Sometimes, even when the contact by the defender is blatant, the referee won’t award a foul unless the player hits the ground, so if a player is fouled and chooses to stay on his feet, the referee allows play to go on and then he misses the chance but no one complains. If he hits the turf and gets the penalty that earns his team a victory, we all cry foul. I’d say that’s a little hypocritical. An example of this was shown it the Premier League match between Manchester City and Tottenham Hotspur which ended 2:2; Sterling was sent through on goal only to be pushed from behind by Kyle Walker, he elected to stay on his feet despite being off balance and ended up missing the chance, one minute later, Spurs equalized and City went home with one point instead of three. So was the push enough to knock a grown man down? Apparently not, but did it affect the outcome of the play? Yes. And the referee didn’t give the penalty that the push warranted, so how can we blame Sterling when the next time someone so much as breathes on him in the box he goes down? We can’t and on this account, diving is a necessity.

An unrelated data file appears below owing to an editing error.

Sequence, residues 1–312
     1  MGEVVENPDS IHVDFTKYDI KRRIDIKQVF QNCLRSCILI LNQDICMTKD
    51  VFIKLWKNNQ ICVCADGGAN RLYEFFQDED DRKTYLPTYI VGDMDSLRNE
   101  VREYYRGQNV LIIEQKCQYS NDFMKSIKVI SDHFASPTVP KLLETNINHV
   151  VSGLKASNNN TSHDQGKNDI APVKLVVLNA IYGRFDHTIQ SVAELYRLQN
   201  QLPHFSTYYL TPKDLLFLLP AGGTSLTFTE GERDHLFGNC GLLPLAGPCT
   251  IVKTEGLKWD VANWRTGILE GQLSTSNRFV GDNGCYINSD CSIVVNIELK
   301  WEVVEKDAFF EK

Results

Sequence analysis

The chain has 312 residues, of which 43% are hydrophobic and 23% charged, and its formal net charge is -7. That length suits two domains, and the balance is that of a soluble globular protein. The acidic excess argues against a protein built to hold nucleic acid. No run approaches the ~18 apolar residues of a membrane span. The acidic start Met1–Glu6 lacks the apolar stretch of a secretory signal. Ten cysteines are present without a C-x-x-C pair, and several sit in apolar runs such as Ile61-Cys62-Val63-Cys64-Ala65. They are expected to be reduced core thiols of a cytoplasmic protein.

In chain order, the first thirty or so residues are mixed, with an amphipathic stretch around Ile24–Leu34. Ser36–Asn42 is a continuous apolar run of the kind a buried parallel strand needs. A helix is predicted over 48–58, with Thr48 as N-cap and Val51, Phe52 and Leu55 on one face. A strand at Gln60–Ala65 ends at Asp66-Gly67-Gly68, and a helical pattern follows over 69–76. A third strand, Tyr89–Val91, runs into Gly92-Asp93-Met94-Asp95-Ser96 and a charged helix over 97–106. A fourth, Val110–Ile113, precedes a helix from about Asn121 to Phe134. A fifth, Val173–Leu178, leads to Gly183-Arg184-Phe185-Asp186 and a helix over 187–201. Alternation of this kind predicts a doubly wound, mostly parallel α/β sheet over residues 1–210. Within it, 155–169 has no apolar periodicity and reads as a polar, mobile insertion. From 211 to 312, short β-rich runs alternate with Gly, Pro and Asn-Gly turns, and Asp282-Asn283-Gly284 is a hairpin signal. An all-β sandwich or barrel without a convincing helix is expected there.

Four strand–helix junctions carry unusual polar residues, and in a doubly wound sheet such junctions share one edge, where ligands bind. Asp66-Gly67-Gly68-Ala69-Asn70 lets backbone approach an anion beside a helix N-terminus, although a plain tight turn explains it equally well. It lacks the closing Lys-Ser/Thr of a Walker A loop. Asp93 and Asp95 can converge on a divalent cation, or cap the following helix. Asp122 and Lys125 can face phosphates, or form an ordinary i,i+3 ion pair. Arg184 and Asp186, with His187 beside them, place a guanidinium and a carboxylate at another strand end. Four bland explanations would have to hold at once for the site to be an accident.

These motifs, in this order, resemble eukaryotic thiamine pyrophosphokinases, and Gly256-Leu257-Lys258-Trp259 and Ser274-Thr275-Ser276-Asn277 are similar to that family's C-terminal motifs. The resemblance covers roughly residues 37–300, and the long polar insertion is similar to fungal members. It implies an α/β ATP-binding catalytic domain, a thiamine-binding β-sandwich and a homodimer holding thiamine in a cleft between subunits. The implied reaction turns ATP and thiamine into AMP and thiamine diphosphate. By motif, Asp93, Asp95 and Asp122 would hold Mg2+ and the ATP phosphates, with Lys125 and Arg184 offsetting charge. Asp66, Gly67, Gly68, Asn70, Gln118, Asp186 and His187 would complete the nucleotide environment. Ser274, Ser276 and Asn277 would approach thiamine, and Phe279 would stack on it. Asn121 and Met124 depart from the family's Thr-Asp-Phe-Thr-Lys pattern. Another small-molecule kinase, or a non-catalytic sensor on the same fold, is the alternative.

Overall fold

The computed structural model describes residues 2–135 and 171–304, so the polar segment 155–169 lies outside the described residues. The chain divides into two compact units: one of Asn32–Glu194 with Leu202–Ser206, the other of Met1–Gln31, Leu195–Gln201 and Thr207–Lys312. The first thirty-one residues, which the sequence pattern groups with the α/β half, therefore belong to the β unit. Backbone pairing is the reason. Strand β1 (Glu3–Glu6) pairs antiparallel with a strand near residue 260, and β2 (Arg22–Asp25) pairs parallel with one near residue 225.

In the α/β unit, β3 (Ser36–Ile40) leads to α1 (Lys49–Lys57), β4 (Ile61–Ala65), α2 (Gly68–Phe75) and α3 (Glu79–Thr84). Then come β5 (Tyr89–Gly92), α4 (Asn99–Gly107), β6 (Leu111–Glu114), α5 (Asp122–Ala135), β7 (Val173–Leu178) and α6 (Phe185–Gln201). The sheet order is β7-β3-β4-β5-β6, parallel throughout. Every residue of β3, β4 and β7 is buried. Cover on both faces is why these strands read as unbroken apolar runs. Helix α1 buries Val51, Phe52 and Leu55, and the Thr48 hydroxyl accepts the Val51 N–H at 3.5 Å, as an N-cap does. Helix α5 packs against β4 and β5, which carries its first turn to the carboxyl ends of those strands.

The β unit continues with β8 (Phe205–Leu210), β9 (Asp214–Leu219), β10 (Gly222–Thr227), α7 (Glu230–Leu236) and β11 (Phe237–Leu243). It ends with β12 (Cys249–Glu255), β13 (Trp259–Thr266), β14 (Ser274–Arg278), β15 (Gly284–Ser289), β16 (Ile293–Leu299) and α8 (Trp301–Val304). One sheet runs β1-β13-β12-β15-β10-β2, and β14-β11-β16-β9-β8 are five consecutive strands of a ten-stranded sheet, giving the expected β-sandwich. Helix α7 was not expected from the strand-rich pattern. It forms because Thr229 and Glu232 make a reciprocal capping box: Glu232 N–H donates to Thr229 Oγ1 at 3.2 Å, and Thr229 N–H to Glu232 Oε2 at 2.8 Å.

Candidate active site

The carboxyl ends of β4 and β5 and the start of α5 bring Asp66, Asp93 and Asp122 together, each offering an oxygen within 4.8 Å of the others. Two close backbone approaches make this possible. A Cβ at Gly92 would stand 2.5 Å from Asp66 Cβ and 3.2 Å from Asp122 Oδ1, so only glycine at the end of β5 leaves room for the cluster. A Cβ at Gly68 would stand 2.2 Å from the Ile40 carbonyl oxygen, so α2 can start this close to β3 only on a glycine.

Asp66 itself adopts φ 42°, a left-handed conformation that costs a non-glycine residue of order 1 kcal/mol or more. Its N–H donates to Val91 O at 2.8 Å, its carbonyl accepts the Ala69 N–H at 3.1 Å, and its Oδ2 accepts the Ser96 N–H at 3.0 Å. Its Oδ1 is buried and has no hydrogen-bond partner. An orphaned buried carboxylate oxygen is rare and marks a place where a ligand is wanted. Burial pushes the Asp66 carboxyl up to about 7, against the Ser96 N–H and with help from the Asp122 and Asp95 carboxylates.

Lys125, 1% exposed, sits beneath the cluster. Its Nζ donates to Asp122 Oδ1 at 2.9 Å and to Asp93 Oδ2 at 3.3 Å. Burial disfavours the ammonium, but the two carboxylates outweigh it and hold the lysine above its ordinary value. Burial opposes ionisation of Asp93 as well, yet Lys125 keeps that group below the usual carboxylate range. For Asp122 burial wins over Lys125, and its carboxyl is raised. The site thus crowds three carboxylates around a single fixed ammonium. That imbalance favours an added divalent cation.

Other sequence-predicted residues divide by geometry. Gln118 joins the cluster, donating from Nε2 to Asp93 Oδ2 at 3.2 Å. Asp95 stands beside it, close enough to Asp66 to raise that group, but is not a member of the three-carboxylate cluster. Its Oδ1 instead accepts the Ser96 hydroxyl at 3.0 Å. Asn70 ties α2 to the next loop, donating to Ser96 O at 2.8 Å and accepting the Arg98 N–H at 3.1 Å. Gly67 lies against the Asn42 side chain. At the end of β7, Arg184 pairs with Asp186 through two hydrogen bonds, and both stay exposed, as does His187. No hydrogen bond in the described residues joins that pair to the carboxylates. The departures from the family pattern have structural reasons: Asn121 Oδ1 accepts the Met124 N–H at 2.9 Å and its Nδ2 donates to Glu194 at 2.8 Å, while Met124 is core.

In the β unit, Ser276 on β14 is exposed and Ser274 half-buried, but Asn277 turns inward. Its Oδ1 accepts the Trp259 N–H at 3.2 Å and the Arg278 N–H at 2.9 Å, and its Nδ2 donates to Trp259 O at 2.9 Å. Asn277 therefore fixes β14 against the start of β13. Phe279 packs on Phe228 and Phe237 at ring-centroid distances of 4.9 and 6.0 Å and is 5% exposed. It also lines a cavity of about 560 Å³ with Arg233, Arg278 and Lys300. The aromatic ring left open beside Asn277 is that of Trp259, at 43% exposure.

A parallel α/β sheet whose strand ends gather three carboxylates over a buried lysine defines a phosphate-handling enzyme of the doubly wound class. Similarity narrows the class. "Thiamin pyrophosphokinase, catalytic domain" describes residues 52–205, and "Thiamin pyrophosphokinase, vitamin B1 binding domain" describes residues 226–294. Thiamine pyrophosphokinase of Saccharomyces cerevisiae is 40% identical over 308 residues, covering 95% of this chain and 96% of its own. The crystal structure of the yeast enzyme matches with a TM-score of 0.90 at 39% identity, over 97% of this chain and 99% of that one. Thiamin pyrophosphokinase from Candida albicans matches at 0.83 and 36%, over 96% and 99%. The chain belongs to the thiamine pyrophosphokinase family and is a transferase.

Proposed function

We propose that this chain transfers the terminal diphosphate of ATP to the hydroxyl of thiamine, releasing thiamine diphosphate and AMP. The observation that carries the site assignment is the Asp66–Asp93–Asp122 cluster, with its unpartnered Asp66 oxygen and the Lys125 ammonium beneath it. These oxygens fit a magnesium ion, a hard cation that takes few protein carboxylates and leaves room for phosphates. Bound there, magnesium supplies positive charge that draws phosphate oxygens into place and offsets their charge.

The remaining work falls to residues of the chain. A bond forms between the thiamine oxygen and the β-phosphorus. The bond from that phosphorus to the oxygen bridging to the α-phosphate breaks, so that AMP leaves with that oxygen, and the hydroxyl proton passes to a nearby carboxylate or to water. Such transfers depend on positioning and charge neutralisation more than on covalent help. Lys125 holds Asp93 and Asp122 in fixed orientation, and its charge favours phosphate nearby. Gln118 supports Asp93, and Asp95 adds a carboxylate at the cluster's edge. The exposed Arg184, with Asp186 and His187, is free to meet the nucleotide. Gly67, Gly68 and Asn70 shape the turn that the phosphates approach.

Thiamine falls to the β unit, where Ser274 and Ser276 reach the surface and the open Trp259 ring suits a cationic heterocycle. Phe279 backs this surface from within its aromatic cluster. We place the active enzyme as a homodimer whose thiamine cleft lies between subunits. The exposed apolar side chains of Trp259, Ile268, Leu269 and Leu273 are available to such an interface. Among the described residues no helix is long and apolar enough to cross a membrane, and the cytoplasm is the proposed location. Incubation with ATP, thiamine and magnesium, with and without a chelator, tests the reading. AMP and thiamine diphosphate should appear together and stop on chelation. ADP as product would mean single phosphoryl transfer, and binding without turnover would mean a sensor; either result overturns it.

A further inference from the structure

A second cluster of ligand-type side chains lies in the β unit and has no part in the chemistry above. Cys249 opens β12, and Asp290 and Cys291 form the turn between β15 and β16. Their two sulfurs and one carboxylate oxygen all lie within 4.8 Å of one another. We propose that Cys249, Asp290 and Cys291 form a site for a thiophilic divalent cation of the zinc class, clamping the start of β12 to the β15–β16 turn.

Diving for protection: As stated earlier, forwards are the primary culprits in diving and this is because of the rough treatment they receive from defenders that goes unspotted by referees. A further effect of this is that players have to protect themselves as best they can. A player may dive to reduce the impact of expected contact or simply to evade it and avoid injury; this was the reason Snodgrass gave when questioned about his dive against Crystal Palace, claiming that because he just came back from injury he was worried about being injured by Scott Dann’s sliding tackle and dived in anticipation of contact that never came. So he never actually intended to con the referee, only to protect himself which had the added benefit of getting him a penalty that earned his team a point. Anyone that watches Barcelona regularly can attest to the rough treatment that Neymar gets from opposition players, in fact, he is currently the most fouled player in Europe with 70 fouls committed against him. This constant kicking conditions his mind to expect contact from defenders and react accordingly both to protect himself from injury causing contact and to create fear in the mind of defenders; after all who wants to be over exuberant when tackling a player who is excellent at diving and getting players booked.
Diving happens to be a necessary evil in football, brought about by the ingeniousness of players and the limitations of referees; however, I believe that all the furore about diving is misplaced and slightly hypocritical since those same people moaning about a dive today won’t say a word about a similar dive by their own player. It is unfortunate that players have to resort to diving and simulation for whatever reason, but until the underlying causes are dealt with (which they can’t be), we’ll always have dives in football and it’s best we make our peace with it.